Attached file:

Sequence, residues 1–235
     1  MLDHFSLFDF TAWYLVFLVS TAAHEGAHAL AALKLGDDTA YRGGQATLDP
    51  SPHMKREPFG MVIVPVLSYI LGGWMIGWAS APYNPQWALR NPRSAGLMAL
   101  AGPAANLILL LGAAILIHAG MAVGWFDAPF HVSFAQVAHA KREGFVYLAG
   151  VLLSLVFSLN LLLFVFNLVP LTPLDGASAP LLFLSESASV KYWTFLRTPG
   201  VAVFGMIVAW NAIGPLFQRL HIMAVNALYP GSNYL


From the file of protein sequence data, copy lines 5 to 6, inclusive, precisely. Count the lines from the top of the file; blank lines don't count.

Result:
   151  VLLSLVFSLN LLLFVFNLVP LTPLDGASAP LLFLSESASV KYWTFLRTPG
   201  VAVFGMIVAW NAIGPLFQRL HIMAVNALYP GSNYL